Over time, amendments to that original act expanded Social Security to include benefits for disabled workers as well as dependents and survivors of the insured. Later, in 1965, Medicare health insurance for older Americans was added to the package.
In spite of these changes, however, the way Social Security works has remained fundamentally consistent throughout its history. Been wondering how the program does what it does? Read on as we answer five common questions. And use this calculator to see how much you might receive from Social Security.
The Bankrate Daily
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Where does the money for Social Security come from?
The money to pay Social Security benefits comes from three sources:
Interest on two trust funds (one for the program’s Old-Age and Survivors Insurance, the other for its Disability Insurance)
Income taxes from Social Security recipients whose incomes exceed a certain threshold
Most of the funding — about 85 percent — is drawn from payroll taxes.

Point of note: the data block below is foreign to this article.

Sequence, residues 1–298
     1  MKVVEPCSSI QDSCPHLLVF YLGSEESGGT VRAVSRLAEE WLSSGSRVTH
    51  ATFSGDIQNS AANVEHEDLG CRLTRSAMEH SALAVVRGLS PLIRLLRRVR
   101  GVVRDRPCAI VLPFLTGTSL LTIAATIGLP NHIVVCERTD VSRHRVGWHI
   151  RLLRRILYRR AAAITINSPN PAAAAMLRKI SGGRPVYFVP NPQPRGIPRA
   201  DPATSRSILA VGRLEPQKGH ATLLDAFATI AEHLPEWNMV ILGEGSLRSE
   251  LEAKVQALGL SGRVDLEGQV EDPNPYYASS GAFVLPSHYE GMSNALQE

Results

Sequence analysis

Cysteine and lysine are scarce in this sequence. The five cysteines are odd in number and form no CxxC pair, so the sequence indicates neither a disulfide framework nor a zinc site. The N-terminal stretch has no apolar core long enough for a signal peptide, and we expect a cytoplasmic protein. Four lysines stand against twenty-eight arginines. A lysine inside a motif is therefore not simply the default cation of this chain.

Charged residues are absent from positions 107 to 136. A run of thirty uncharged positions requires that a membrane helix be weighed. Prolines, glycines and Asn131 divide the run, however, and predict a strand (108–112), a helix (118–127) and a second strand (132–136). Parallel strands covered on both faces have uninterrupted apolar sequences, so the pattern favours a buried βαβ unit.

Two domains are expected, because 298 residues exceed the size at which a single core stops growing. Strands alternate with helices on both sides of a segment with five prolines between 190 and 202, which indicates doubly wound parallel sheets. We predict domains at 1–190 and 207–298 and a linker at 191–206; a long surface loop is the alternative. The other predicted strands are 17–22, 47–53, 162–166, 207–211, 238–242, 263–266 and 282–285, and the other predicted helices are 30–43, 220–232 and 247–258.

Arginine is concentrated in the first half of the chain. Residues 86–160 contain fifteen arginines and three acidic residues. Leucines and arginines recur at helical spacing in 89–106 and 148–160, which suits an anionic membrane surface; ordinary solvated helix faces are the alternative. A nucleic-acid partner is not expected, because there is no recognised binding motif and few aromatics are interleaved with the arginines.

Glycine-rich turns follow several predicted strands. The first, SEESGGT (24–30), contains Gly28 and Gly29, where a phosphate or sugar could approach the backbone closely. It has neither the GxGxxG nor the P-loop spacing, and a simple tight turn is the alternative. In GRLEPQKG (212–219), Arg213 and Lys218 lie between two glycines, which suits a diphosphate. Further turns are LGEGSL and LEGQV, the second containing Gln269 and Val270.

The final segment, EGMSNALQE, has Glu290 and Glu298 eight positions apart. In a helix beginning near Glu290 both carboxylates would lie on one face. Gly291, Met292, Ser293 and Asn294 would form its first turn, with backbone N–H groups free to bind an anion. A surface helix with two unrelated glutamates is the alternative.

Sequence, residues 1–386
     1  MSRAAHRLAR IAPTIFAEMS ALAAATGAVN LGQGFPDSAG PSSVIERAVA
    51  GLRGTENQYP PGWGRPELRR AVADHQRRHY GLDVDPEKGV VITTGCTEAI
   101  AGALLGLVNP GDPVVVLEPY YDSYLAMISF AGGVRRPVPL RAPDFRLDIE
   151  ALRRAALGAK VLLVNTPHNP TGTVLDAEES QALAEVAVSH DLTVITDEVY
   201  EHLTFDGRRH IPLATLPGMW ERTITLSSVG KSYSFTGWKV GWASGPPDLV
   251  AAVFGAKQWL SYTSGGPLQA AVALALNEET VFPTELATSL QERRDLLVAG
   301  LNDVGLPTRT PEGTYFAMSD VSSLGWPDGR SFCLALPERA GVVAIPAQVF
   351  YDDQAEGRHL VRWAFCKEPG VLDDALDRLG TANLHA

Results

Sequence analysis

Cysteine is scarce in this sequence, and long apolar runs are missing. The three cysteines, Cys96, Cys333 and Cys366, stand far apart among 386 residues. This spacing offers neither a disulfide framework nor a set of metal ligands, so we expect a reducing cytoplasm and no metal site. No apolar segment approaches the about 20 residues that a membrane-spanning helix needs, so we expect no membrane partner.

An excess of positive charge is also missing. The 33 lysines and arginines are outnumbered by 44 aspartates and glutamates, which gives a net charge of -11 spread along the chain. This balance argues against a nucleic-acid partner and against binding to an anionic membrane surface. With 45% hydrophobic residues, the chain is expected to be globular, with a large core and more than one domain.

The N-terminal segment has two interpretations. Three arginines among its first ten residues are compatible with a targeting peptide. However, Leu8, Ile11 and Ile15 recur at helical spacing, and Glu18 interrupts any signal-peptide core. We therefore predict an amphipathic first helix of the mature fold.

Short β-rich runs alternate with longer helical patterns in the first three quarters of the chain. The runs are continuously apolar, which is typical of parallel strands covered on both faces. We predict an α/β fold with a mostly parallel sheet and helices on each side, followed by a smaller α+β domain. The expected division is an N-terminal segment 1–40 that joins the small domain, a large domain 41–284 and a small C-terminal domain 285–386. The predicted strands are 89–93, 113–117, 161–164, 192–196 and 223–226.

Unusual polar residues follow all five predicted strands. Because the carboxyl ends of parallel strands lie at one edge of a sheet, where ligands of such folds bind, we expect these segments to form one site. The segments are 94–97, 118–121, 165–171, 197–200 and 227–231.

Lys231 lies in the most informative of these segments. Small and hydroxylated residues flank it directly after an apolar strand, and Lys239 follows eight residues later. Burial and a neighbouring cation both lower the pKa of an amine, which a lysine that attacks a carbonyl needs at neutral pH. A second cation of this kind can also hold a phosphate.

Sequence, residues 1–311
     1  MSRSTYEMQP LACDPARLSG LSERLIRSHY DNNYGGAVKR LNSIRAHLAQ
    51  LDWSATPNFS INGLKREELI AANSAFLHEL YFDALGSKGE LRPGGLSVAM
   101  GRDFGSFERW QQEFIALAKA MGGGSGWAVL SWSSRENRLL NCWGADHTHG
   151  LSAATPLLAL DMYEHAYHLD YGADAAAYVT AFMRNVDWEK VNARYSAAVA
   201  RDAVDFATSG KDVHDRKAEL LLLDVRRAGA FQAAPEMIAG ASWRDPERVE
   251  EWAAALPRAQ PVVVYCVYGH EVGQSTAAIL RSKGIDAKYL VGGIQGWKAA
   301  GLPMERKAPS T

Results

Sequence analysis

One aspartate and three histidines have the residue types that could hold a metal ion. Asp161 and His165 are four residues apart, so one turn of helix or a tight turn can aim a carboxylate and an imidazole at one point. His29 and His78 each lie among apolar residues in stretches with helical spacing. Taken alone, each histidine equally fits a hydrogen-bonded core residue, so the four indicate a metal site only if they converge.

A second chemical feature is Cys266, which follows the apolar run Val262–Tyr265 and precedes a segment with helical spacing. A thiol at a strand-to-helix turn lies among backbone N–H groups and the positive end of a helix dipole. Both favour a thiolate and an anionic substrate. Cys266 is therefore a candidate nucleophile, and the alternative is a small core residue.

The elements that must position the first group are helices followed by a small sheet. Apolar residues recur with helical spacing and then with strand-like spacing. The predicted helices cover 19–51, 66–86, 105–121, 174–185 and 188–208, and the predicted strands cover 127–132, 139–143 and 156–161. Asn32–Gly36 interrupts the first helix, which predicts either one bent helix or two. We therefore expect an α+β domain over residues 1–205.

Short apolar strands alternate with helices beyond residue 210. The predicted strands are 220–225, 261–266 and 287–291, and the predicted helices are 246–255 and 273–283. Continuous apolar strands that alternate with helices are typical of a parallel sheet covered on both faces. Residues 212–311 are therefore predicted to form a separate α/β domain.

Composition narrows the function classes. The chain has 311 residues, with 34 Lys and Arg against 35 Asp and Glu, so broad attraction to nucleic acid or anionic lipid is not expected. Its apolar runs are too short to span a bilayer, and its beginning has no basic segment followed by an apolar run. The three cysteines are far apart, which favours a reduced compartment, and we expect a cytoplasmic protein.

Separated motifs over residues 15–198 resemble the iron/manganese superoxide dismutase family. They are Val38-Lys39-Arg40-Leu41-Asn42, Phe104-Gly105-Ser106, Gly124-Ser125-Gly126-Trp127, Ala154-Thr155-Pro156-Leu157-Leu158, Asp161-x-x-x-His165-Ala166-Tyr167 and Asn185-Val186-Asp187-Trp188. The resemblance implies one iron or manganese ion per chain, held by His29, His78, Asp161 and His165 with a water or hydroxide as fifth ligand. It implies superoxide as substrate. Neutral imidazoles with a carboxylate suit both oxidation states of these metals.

These taxes were originally calculated to cover prevailing needs, but in 1983 Congress raised them in anticipation of a considerable rise in costs once the baby boomer generation reached retirement.
Currently, 6.2 percent of earnings are deducted from an employee’s paycheck for Old Age, Survivors and Disability Insurance, up to the maximum taxable income for this purpose of $127,200 in 2017. Everyone, regardless of income, is assessed an additional 1.45 percent to cover Medicare insurance. Employers must match the amounts deducted.
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How does the government use these payroll taxes?
The money earmarked for Social Security cannot be used to cover other government bills until all Social Security expenses have been met, according to the U.S. Government Accountability Office. However, whenever Social Security taxes exceed the amount needed to meet expenditures, the surplus goes into the U.S. Treasury’s General Fund, where it is used to reduce the overall federal deficit.
The money is exchanged for special issue Treasury bonds, and the interest from the bonds goes to the two trust funds. The bonds are redeemable whenever Social Security revenues fall short of what’s needed.
This practice gives rise to the common perception that the government raids Social Security to fund other programs. But according to the U.S. Treasury, it’s in line with the government’s “unified budget concept,” which allows funds to flow from one government program to another when necessary. Without that flexibility, it’s argued that Congress would have to raise taxes, cut payout amounts or borrow from the public.
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Does everybody have to pay FICA taxes?
Nearly everyone working in the U.S. must pay Social Security and Medicare taxes (known as FICA tax), though there are a few exceptions.